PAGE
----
drove into the village square and surrounded us. They took our equipment,
hustled us into the back of one of the jeeps, and signaled our driver
to follow. They drove us to the local police station, a low-slung building
of yellow adobe, a tin roof, and bars on the windows. These men were
soldiers in the regular army. They had been following us because we
asked directions to an Indian village outside the city. We made our
way to this village because it looked right for our purposes. Once there,
a bottle of warm Coke in hand, we started filming. We made a big mistake.
We did not know the ruling governor of that state and his circle kept
their mistresses in small estates outside just that village. Military
mistresses were not on our agenda. We could care less. We spoke no Portuguese.
They spoke no English. We knew we were in for a long day. We hoped it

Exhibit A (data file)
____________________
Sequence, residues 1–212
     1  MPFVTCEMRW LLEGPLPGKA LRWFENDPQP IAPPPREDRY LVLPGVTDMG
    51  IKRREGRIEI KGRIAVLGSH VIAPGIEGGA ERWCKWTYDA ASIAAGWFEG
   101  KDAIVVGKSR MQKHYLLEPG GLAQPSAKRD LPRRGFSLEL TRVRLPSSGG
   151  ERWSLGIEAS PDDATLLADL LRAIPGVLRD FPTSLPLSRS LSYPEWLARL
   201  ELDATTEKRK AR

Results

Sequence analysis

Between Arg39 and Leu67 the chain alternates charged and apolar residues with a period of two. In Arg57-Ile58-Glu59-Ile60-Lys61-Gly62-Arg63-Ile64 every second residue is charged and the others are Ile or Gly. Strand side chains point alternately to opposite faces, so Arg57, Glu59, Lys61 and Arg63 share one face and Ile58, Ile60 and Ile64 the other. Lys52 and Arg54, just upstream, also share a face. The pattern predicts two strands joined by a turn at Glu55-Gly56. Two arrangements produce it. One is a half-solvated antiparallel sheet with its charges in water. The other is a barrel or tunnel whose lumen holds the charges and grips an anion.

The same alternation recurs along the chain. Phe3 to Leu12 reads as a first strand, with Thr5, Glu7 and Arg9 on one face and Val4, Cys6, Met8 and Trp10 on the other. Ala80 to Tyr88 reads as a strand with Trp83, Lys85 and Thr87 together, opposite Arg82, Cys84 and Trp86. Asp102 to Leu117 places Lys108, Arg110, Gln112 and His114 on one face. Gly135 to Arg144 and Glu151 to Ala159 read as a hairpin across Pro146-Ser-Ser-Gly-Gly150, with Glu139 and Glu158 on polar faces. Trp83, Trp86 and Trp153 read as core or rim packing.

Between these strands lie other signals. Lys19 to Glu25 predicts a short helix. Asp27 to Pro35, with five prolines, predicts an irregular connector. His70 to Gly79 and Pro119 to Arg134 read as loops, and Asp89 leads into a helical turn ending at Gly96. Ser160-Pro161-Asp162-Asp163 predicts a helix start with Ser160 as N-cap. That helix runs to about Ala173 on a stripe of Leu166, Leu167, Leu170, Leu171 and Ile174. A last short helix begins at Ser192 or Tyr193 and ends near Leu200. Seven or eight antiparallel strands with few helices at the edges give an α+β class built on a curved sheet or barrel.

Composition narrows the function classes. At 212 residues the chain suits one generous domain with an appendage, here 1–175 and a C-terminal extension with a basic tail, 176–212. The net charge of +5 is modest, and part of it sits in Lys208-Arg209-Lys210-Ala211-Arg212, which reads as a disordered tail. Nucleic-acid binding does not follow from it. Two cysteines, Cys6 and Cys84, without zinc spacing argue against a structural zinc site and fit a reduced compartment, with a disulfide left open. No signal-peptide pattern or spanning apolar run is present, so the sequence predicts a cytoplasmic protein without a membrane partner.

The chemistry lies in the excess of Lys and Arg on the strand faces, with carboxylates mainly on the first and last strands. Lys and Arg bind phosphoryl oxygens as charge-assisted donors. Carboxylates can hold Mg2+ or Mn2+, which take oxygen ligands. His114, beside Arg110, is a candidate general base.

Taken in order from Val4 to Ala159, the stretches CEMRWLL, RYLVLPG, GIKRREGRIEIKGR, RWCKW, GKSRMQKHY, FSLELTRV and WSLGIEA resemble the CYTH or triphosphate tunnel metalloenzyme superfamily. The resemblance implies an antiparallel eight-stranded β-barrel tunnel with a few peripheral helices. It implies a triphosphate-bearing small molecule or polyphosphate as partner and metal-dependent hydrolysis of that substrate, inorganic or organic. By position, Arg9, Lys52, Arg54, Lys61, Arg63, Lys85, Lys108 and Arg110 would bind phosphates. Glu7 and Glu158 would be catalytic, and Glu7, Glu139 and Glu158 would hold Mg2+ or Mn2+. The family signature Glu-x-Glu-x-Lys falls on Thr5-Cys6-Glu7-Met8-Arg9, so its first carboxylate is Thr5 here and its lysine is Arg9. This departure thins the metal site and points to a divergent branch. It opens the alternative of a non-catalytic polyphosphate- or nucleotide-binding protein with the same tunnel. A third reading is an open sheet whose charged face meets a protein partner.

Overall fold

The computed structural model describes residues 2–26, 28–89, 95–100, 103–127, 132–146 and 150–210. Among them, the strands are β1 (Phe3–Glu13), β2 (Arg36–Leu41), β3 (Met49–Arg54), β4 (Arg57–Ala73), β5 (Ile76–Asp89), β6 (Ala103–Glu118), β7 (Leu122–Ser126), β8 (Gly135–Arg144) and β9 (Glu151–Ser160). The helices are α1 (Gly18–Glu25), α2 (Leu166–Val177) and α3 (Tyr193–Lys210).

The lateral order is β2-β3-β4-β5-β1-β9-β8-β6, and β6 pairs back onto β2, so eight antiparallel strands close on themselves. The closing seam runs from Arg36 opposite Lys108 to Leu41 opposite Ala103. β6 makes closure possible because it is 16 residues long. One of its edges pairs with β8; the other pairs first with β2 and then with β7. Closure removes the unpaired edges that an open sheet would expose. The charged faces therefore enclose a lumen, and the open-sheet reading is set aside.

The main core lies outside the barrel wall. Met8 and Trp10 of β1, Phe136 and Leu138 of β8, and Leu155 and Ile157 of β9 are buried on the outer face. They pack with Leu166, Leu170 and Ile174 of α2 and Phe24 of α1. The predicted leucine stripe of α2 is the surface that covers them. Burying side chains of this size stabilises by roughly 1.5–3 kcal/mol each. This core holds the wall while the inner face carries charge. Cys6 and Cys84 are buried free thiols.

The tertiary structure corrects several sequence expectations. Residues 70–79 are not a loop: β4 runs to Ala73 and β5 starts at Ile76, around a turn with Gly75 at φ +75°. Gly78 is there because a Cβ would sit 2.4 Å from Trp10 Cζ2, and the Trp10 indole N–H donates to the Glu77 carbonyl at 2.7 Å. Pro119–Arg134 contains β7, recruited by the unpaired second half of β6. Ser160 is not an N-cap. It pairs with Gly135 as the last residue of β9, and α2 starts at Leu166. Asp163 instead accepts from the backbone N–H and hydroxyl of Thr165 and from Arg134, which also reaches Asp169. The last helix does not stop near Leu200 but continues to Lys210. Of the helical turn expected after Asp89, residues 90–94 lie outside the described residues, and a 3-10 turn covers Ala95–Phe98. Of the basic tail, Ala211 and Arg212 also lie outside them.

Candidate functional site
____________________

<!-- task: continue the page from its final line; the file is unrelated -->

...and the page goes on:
would not be too long.
These many years later after the arrest, I remember we sat in a sweltering
bandbox room no more than ten by ten. The cameraman and I watched the
eyes and fingers of soldiers who were probably only sixteen, as they
cradled their submachine guns, the safety off, smiling, almost hoping
we would do something stupid, which we did not. Not only did they not
speak any Portuguese, but they only spoke an Indian dialect. Their stubby
fingers stayed stiffly poised on the hair triggers of their machine
guns. Their ill-fitting uniforms looked like old United States Army
issue. Everywhere in Latin America, very young men, often in their teens,
dominated the soldier class of the military. It was their way out of
the laborious life of a peasant and an empty future. Their fear was
our fear, their fright, obvious. After holding us in the main military
prison for four hours, and never asking us one question, they finally
let us go out for a few cases of warm beer which we were able to buy
for them at the local saloon. It was frightening that we could have
lost our lives for nothing. Later that day, happy to be free and safe,
we had too much to drink, ate too many freshly roasted cashew nuts and